Chris Green MP: We are losing sight of the unrivalled success of vaccinations
Whilst remaining generally high, childhood vaccination rates in the UK have decreased annually for the last few years, says Chris Green MP.
Vaccinations are one of the most effective public health interventions developed during human history. Beginning over a thousand years ago in China, through becoming widespread in the Western world because of the work of Dr Edward Jenner, to their ubiquitous use in the modern world, vaccines are responsible for saving the lives of millions. They have eliminated whole diseases, with the World Health Organisation declaring in 1980 that smallpox had been officially eradicated, and others such as polio being relegated to outbreaks in only a handful of countries around the globe. Vaccinations have been an almost unrivalled human success story.
Unfortunately, we are losing sight of that story in the UK and other high-income countries in the West. Whilst remaining generally high, childhood vaccination rates in the UK have decreased annually for the last few years.
The reasons for this decline are complex. Many reports have been cited of growing vaccine misinformation on social media and the internet, which go unchecked and are never effectively challenged, but the British Society for Immunology has found that this is not necessarily the major driver behind the drop. Instead, a more nuanced mix of the World Health Organization’s ‘3Cs’, confidence, complacency and convenience, is at work.
Vaccination can be a victim of its own success. One of the reasons that a minority of parents today do not have their children immunised is because of the perceived diminished risk of once common childhood diseases. Of course, this perception has only come about thanks to the historic vaccination efforts in the first place. Diphtheria, for example, which killed an average of 3500 people a year before a vaccine was introduced. However, today there is an average of zero deaths per year, and the number of confirmed cases each year is in the low double digits. This success can feed a sense of complacency. Consequently, it’s important to remind people that just because the threat is dormant, it remains a threat.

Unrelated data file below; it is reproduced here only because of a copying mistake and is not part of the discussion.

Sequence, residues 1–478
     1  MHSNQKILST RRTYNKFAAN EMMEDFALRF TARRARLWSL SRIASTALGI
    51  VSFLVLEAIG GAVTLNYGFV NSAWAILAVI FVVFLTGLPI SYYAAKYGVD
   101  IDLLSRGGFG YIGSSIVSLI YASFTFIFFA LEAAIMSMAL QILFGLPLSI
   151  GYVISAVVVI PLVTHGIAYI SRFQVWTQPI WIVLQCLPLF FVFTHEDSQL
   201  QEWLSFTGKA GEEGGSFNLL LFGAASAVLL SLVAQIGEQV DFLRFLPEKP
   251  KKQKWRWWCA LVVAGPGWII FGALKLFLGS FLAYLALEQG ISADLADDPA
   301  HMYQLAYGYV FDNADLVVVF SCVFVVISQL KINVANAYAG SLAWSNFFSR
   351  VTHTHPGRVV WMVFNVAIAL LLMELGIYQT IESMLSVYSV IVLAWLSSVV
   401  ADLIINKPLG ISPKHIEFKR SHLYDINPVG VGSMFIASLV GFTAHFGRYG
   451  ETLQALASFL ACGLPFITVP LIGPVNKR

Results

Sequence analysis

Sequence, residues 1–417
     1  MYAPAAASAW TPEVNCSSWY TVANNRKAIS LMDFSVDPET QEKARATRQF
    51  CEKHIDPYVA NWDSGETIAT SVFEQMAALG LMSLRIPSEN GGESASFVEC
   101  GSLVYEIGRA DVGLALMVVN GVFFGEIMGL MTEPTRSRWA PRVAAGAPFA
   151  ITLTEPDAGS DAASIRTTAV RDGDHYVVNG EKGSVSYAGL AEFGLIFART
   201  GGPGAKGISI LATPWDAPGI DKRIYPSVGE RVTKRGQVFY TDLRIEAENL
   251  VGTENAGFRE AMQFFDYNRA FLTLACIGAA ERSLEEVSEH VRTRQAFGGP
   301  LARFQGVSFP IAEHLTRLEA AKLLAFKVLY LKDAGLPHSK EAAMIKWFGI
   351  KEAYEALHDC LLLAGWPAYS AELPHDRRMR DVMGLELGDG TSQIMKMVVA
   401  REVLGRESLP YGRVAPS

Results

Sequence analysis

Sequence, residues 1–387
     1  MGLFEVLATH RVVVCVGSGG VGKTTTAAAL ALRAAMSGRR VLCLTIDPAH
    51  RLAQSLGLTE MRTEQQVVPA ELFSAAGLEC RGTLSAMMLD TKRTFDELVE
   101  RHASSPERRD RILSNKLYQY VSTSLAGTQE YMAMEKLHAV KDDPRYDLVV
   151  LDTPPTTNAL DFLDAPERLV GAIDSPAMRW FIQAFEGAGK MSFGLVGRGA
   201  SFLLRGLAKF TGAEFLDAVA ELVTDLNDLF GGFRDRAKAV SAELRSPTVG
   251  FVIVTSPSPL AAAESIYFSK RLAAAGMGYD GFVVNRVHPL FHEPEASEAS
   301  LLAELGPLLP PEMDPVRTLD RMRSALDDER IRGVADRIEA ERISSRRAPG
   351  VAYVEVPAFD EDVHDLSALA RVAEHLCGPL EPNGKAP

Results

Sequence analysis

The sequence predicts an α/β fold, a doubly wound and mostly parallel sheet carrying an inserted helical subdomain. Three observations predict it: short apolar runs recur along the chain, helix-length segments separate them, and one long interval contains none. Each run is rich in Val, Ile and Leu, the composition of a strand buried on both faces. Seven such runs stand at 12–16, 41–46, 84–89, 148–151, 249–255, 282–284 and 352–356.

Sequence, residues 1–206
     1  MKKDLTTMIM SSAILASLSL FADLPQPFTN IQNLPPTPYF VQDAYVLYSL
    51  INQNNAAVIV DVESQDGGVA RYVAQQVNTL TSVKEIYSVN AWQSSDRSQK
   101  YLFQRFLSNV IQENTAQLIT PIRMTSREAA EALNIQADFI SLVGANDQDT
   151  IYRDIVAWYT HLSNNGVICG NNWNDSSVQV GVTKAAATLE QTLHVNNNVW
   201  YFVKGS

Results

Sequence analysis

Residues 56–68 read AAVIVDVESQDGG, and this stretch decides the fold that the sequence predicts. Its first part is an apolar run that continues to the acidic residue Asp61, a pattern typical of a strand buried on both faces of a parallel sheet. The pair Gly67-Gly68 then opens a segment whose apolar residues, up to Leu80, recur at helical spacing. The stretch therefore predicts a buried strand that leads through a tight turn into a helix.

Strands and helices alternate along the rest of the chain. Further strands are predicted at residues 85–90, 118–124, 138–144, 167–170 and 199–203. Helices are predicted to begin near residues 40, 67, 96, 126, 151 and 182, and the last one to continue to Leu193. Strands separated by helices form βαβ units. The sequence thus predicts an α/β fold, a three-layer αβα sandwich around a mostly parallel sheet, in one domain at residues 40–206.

Convenience is another important factor. Vaccination needs to be delivered at a time and place that is appealing, comfortable, convenient and accessible. The wider provision of vaccination services, such as school visits by community nurses or mobile vaccination services could increase accessibility, along with more active outreach into individual communities that are under-vaccinated.
Many of the factors influencing vaccination uptake are interlinked. Convenience issues, for example, can affect confidence: people think, “if it were really important, it’d be made easier”. The problem is undoubtedly more complex than it first appears, but it is far from insurmountable. Through making services more accessible, increasing public awareness of vaccination’s benefits and the danger that these deadly childhood diseases still pose, and provision of the right public health funding for vaccination services, we can make a real difference and reverse this vaccination decline before it’s too late.
Chris Green is Conservative MP for Bolton West.